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An electric affair
Snapping Shoals EMC holds annual celebration

CONYERS - For an annual business meeting, Snapping Shoals Electric Membership Corporation's Thursday gathering gave members plenty of reasons to attend. It began with the trademark yellow plastic bucket filled with goodies.

Snapping Shoals EMC members gathered in the Charles Walker Arena at Georgia International Horse Park in Conyers with many carrying the yellow buckets that have been handed out for years. The buckets hold a paper hand fan - a useful item in the July heat - a garden rain gauge and compact fluorescent bulbs.

The meeting is held every year for Snapping Shoals customers, who are members of the cooperative, to elect members of the EMC's board of directors.

Kelli Watkins of Covington had a bucket on the arm of the stroller in which she was pushing her 2-year-old son, Trey, toward the inflatable moon walk. She said it was her first time to attend the EMC meeting, and the bucket belonged to her mother.

Neither utility rates nor electing Board of Director members were the first thing on Watkins' mind.

"It's a lot of fun, and I'm glad to come out," Watkins said as Trey eyed the moon walk.

Meanwhile, officers of the EMC were concerned with the future, especially climate issues that may affect the cost of electricity to EMC customers.

In a letter to EMC members, Snapping Shoals EMC President and CEO Randall Meadows and Chairman of the Board of Directors James White said they are keeping a close eye on proposed federal climate change legislation that would create a carbon tax on electrical consumption.

At the annual luncheon held before the EMC business meeting, Meadows also said keeping up with expected demands for power in the coming years is a concern for the EMC.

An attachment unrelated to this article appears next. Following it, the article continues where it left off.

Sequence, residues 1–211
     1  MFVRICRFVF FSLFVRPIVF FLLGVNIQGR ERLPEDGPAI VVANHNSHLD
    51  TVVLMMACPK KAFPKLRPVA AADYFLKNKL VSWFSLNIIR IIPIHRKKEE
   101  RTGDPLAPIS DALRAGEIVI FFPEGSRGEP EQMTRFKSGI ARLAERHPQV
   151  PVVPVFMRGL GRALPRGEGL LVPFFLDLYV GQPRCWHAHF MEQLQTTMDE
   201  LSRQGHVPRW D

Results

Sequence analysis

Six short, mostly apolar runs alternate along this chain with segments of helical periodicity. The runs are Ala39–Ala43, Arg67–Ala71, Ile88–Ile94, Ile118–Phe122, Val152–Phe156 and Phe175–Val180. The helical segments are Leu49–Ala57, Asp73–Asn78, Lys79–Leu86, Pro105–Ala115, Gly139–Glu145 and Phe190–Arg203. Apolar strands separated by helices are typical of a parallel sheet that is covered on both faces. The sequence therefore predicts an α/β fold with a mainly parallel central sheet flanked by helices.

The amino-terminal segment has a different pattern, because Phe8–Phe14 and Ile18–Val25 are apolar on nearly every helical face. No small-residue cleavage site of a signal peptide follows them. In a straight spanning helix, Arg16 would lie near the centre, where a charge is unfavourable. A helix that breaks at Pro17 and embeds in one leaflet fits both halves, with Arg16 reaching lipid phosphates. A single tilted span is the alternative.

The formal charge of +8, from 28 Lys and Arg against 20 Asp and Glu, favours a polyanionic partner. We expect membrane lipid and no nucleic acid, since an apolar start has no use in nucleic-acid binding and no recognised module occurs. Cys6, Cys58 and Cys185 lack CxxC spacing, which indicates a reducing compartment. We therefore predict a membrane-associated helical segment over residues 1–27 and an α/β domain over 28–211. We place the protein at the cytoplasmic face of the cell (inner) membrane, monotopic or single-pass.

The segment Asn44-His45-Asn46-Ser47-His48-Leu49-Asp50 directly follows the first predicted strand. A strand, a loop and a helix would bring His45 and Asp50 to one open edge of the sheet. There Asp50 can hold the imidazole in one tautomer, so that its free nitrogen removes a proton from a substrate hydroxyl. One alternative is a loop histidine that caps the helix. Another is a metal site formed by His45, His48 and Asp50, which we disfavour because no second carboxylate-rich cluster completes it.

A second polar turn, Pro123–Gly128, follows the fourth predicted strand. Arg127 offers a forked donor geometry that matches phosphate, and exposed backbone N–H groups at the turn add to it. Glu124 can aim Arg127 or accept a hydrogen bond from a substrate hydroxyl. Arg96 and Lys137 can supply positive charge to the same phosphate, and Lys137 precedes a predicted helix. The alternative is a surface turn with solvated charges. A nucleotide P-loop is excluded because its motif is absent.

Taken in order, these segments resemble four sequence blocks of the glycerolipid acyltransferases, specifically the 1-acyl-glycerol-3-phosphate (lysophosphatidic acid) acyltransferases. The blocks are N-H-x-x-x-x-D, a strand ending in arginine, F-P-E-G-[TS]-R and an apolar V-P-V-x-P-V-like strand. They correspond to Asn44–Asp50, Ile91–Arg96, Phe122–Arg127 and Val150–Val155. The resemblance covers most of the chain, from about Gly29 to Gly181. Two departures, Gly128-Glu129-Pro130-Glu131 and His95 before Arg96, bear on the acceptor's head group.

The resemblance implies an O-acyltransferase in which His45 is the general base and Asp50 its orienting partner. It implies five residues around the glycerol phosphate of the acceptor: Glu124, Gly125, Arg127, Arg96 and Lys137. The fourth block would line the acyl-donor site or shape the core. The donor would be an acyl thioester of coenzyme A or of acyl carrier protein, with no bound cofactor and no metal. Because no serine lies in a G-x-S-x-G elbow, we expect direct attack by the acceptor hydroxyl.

Snapping Shoals remains committed to constructing an 850-megawatt coal-fired electric power plant in Washington County as part of Power4Georgians, a consortium of other EMCs, despite having four EMCs announce in May they would pull out of the project.

Critics of the power plant believe the plant would be harmful to the environment, and the loss of the EMCs in May makes the $1.2 billion investment to build the plant a greater financial burden on members of the remaining EMCs.

Meadows said the plant is needed as power demands are expected to increase significantly in the coming years. He added the proposed plant will be the cleanest and most efficient coal-burning facility built and that renewable and green power supplies are also part of the Power4Georgians plan to develop new energy sources.

"We're exploring all of the green alternatives to generate power, but they alone can't provide us the base capacity we need," Meadows said. "Coal still provides us with the best option."

Jay Jones can be reached at jay.jones@rockdalecitizen.com.